Sunday, October 01, 2006

First Sunday

Archbishop Donald Wuerl of Washington stepped further into the limelight of his new post this morning as he celebrated the capital's 53rd annual Red Mass in St Matthew's Cathedral.

Wuerl's shown here greeting Chief Justice John Roberts; behind them, holding the hand of the CJ's wife, Jane (face obscured by mitre) is Archbishop Pietro Sambi, the apostolic nuncio.

Gratefully, the much-anticipated homily has already been posted. Here's a snip:
At times our society, like many contemporary cultures heavily nurtured in a secular vision that draws its inspiration elsewhere, can be tempted to think that we are sufficient unto ourselves in grappling with and answering the great human questions of every generation in every age: how shall I live; what is the meaning and, therefore, the value of life; how should we relate to each other; what are our obligations to one another?

The assertion by some that the secular voice alone should speak to the ordering of society and its public policy, that it alone can speak to the needs of the human condition, is being increasingly challenged. Looking around, I see many young men and women who, in such increasing numbers, are looking for spiritual values, a sense of rootedness and hope for the future. In spite of all the options and challenges from the secular world competing for the allegiance of human hearts, the quiet, soft and gentle voice of the Spirit has not been stilled.

Just as we are told in the first reading today that the Spirit of God was shared with some of the elders so, too, today we have a sense that that Spirit continues to be shared. The resurgence of spiritual renewal in its many forms bears testimony to the atavistic need to be connected to the vine and rooted in the soil of our faith experience.

As Jesus assures us in today’s Gospel: “Just as a branch cannot bear fruit on its own unless it remains on the vine, so neither can you unless you remain in me.” The revelation of the mystery of God-with-us is not incidental to that human experience. It gives light and direction to the struggle we call the human condition. Religious faith and faith-based values are not peripheral to the human enterprise. Our history, the history of mankind, is told in part in terms of our search for and response to the wisdom of God....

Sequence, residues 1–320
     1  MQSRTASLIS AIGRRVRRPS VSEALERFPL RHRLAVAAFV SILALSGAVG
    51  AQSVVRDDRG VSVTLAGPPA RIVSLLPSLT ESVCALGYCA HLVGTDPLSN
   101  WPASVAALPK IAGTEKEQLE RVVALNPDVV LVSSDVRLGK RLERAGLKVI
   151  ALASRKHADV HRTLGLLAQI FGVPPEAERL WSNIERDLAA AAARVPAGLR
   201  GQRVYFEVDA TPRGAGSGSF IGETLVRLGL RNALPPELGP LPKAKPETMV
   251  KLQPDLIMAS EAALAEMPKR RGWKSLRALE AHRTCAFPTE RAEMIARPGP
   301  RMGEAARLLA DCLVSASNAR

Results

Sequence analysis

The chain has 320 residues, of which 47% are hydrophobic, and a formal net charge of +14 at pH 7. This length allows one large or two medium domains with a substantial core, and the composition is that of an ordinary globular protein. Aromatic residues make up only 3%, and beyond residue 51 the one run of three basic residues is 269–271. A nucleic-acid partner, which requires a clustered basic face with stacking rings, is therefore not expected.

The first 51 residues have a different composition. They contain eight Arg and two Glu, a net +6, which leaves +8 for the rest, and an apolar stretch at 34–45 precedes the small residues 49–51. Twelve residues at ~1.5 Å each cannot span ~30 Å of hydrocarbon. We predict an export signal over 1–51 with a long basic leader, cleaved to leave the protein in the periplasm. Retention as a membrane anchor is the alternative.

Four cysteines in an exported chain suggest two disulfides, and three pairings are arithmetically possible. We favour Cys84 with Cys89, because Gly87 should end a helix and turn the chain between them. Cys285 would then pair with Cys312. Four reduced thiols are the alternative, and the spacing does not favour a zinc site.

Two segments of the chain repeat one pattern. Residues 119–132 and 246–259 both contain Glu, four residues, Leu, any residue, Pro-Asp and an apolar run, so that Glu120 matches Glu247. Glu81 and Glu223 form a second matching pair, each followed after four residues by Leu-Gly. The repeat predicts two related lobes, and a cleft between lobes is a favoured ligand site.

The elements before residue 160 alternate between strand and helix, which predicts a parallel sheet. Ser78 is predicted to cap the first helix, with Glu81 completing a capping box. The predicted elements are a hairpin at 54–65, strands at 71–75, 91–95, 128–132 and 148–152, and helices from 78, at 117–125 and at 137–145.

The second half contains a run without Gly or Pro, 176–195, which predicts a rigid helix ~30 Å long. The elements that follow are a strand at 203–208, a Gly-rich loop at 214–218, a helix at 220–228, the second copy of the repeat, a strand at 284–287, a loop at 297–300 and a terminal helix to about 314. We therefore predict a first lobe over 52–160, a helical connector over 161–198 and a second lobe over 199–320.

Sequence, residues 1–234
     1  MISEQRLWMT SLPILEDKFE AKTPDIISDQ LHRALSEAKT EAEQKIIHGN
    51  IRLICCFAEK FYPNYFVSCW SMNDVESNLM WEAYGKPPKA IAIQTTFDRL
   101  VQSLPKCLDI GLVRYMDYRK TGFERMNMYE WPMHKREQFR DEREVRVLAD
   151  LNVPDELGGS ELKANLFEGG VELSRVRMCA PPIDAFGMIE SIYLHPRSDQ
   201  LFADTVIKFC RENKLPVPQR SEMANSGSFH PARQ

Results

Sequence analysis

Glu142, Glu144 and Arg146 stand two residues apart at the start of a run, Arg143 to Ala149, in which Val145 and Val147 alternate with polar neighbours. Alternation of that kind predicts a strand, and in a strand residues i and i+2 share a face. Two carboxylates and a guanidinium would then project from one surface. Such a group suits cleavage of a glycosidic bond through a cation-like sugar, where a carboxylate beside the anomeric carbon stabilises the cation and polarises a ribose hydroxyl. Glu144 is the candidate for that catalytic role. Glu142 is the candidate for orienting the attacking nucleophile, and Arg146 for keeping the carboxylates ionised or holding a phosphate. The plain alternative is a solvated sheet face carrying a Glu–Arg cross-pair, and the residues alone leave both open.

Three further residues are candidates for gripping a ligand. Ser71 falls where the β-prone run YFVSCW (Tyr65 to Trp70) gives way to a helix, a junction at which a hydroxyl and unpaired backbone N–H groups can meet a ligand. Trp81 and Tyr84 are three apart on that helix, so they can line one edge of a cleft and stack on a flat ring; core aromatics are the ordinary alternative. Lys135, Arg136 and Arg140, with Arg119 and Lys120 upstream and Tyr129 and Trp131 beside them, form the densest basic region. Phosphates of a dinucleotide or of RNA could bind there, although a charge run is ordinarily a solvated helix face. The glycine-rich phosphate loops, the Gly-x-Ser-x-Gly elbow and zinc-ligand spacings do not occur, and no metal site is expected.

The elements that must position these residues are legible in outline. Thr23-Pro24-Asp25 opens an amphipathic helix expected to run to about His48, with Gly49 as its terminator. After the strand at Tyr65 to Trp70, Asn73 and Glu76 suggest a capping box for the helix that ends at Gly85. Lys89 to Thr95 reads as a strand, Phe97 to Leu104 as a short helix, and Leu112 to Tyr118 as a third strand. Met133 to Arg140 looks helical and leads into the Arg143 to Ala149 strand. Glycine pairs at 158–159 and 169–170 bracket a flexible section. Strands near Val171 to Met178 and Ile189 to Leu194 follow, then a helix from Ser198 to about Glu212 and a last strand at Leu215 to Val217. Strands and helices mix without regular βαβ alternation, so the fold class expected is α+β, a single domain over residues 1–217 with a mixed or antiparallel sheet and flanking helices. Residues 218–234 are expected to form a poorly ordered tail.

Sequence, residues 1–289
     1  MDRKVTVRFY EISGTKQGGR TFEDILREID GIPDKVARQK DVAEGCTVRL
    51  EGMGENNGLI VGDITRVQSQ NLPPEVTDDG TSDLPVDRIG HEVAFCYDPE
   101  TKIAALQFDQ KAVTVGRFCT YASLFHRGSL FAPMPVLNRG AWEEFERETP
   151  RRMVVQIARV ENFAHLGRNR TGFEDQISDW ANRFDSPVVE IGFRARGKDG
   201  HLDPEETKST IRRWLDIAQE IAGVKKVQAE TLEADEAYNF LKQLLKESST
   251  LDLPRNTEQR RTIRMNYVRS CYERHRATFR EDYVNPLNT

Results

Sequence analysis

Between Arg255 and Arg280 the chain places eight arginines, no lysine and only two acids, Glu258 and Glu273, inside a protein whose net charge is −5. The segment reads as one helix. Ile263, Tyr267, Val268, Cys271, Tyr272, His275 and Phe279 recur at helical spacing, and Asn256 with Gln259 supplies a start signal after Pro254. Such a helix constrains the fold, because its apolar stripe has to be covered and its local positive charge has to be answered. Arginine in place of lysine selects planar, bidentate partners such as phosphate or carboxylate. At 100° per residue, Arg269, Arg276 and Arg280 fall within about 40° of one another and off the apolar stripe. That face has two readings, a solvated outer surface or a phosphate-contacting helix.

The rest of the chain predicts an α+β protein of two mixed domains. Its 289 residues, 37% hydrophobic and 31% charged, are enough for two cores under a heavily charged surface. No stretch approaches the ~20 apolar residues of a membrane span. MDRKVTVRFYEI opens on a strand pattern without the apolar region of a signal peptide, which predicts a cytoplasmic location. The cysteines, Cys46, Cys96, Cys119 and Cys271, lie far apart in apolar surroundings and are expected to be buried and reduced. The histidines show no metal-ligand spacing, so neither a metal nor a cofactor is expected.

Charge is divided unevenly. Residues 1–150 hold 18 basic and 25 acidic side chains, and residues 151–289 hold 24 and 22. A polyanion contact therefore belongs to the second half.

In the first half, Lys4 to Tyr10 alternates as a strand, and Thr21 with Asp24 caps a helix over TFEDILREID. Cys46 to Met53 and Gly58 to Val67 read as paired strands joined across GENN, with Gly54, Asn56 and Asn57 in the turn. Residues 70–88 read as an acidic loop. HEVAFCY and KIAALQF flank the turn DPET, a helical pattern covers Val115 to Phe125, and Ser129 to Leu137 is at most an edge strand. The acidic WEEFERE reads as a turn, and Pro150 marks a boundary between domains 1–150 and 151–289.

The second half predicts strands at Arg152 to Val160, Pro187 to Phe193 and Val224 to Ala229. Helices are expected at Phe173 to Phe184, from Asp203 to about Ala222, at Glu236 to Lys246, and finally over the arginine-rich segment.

Religious faith has long been a cornerstone of the American experience. From the Mayflower Compact, which begins “In the name of God, Amen,” to our Declaration of Independence, we hear loud echoes of our faith in God. It finds expression in our deep-seated conviction that we have unalienable rights from “Nature and Nature’s God.”

Thomas Jefferson stated that the ideals and ideas that he set forth in the Declaration of Independence were not original with him, but were the common opinion of his day. In a letter dated May 8, 1825, to Henry Lee, former governor of Virginia, Jefferson writes that the Declaration of Independence is “intended to be an expression of the American mind and to give to that expression the proper tone and spirit.”

George Washington, after whom this city is named, was not the first, but perhaps was the most prominent, American political figure to highlight the vital part religion must play in the well-being of the nation. His often-quoted Farewell Address reminds us that we cannot expect national prosperity without morality, and morality cannot be sustained without religious principles.

Morality and ethical considerations cannot be divorced from their religious antecedents. What we do and how we act, our morals and ethics, follow on what we believe. The religious convictions of a people sustain their moral decisions.

What is religion’s place in public life? As our Holy Father, Pope Benedict XVI, tells us in his first encyclical letter, “Deus Caritas Est” (God Is Love): “[f]or her part, the Church, as the social expression of Christian faith, has a proper independence and is structured on the basis of her faith as a community which the State must recognize. The two spheres are distinct, yet always interrelated” (DCE 28). Politics and faith are mingled because believers are also citizens. Both Church and state are home for the same people.
Do yourself a favor and read the whole shebang.

Reuters/Joshua Roberts
PHOTO 2: AP/Gerald Herbert